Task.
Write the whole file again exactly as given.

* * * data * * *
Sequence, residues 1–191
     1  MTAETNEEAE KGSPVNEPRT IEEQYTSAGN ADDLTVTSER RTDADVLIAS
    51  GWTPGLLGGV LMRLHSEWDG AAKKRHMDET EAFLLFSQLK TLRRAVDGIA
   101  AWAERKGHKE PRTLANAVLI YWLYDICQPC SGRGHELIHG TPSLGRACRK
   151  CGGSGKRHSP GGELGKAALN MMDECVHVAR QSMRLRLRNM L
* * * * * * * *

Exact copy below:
Sequence, residues 1–191
     1  MTAETNEEAE KGSPVNEPRT IEEQYTSAGN ADDLTVTSER RTDADVLIAS
    51  GWTPGLLGGV LMRLHSEWDG AAKKRHMDET EAFLLFSQLK TLRRAVDGIA
   101  AWAERKGHKE PRTLANAVLI YWLYDICQPC SGRGHELIHG TPSLGRACRK
   151  CGGSGKRHSP GGELGKAALN MMDECVHVAR QSMRLRLRNM L